E-Sign Bill Makes Progress<@VM>FTC Privacy Seal Proposed<@VM>Watts Looks at Cybersecurity
Sen. Phil Gramm
By Anne Gallagher
Senate Republicans have drafted a new version of electronic signature legislation, breaking a roadblock that has for weeks stalled a conference with the House on moving an e-sign bill.
The new Senate proposed language, drafted by Sens. Phil Gramm, R-Texas, and Spencer Abraham, R-Mich., is expected to make digital signatures legally valid for commercial transactions over the Internet, while still including consumer protection provisions.
Disagreements on naming conferees in the Senate also has held up the bill, with jurisdictional disputes further complicating that process. Now that new draft language has been floated, Hill aides believe the conferees soon will follow. The House named its conferees weeks ago.
High-tech industry officials who have seen the draft language said it represents a good compromise and should have bipartisan support. The Senate version also allows for some level of continued state regulation and oversight regarding e-sign transactions.A group of House lawmakers March 22 introduced a new bill to provide voluntary, basic Internet privacy protections for Internet consumers. The Online Privacy and Disclosure Act, introduced by Reps. Tom Udall, D-N.M., and Tom Campbell, R-Calif., allows Web sites to display a Federal Trade Commission-issued seal if they abide by "fair personal information practices."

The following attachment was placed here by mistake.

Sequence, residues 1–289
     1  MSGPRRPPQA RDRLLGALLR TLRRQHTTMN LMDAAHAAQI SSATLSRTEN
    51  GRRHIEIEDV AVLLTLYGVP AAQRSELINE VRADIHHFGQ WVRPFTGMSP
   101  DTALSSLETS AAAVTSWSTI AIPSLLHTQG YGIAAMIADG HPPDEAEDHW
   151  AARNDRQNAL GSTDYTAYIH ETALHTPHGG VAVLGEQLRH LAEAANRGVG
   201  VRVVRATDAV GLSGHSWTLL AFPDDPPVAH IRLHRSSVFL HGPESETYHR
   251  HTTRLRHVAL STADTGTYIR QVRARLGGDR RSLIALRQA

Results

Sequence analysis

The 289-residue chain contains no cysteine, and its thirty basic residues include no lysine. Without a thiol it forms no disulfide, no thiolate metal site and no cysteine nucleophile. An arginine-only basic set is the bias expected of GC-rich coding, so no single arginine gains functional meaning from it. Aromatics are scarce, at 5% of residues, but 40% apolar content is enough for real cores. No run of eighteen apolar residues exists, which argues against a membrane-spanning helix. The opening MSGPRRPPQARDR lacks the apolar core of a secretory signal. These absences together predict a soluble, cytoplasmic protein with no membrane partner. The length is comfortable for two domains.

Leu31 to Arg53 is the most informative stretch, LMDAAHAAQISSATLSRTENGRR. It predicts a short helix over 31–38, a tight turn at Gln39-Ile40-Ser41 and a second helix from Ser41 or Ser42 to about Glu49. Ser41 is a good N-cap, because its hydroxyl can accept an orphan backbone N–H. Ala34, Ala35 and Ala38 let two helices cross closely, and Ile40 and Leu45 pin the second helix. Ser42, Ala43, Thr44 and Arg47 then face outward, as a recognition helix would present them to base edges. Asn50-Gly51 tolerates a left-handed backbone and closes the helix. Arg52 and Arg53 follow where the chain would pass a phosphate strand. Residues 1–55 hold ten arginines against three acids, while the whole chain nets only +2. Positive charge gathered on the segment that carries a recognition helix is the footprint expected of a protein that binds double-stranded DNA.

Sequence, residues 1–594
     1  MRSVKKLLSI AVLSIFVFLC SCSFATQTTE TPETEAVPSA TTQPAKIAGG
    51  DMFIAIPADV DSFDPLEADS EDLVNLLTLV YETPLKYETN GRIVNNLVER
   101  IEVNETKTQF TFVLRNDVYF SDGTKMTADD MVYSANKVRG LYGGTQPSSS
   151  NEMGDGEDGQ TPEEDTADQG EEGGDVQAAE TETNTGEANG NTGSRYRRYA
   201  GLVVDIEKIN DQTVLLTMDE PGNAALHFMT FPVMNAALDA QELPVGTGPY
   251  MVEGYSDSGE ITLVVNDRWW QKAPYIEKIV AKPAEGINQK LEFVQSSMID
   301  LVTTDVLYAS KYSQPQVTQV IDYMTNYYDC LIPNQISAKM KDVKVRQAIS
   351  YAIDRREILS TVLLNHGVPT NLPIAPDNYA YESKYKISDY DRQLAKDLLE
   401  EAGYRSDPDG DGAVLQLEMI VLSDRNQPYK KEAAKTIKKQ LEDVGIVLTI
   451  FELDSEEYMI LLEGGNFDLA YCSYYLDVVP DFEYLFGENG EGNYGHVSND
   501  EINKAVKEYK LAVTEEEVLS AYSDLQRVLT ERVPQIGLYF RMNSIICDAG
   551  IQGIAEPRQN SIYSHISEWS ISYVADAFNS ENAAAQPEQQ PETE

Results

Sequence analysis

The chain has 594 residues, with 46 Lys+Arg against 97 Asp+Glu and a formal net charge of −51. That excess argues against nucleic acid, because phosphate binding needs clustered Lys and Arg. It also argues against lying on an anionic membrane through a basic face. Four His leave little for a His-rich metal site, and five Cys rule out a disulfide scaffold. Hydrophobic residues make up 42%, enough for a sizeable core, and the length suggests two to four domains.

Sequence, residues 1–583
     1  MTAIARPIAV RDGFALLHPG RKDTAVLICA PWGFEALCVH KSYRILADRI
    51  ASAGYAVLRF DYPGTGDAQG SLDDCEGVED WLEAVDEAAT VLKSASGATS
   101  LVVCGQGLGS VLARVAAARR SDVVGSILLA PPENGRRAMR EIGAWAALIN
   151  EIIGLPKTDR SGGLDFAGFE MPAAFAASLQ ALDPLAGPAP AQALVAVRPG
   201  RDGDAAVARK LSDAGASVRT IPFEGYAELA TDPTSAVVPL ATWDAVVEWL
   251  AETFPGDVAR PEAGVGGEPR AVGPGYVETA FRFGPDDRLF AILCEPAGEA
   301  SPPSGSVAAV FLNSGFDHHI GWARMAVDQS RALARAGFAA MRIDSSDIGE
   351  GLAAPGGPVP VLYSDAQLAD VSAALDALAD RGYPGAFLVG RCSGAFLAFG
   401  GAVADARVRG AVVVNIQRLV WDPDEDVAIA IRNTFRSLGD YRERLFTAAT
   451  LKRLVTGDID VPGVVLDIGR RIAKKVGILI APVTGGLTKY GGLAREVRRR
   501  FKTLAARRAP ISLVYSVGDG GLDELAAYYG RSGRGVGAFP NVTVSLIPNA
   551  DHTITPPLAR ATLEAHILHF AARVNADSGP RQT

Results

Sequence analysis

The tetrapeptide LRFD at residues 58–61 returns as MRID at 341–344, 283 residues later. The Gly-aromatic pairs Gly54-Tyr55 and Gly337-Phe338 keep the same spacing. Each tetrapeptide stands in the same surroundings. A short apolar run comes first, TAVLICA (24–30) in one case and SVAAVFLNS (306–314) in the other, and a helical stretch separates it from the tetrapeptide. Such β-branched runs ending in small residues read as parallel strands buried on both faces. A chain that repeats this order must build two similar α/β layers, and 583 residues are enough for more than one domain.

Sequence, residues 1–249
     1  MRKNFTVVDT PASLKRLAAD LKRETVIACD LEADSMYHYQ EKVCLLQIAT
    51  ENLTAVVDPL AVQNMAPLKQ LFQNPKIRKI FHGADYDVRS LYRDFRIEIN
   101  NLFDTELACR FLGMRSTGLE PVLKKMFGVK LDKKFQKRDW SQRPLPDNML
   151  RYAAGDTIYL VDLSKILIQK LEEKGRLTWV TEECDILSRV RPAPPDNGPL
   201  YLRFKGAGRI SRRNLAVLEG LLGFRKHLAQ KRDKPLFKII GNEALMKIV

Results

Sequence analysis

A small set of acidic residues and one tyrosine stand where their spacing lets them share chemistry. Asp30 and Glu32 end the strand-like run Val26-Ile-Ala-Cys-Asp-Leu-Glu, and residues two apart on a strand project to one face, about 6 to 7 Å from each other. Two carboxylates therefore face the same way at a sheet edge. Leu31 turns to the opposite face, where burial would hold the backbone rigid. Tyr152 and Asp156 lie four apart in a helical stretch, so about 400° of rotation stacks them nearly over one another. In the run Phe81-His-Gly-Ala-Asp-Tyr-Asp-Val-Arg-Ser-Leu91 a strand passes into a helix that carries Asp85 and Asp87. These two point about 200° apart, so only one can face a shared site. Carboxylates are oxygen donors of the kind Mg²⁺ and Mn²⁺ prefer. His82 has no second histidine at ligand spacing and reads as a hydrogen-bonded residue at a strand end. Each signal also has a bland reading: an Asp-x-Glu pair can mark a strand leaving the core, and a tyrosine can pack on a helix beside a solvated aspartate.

The bill, Campbell said, will not impose any additional burdens on businesses or create any new lawsuits.
"People are increasingly concerned about guarding their privacy on the Internet, and our bill provides a basic level of privacy protections that can be enforced by the federal government should businesses post the seal, but not abide by these standards," Campbell said. "My goal in introducing this legislation is to provide reliable and uniform privacy assurances for users with minimal government involvement."House Republican Conference Committee Chairman J.C. Watts of Oklahoma met with top Microsoft Corp. officials March 20 in Seattle to discuss how Congress can work with industry, law enforcement and educators to promote online security.
Watts, who was tapped in February to chair the House Republican Cyber Security Team, met with Microsoft's network security expert Howard Schmidt to discuss the significant rise in hacking activity.
They also discussed the future of the computer industry and how developments, such as the spread of broadband access and other technology, present endless possibilities for consumer and industry but new risks to cybersecurity.
"Microsoft is at the heart of the new economy, and their security team is among the best in the business," Watts said in a statement. "Even as America rushed to prepare last year for the Y2K bug, private experts predicted that cybersecurity would emerge as a national priority in 2000. As chairman, I will work with the Cyber Security Team to ensure that ... Congress takes the appropriate steps to promote online safety."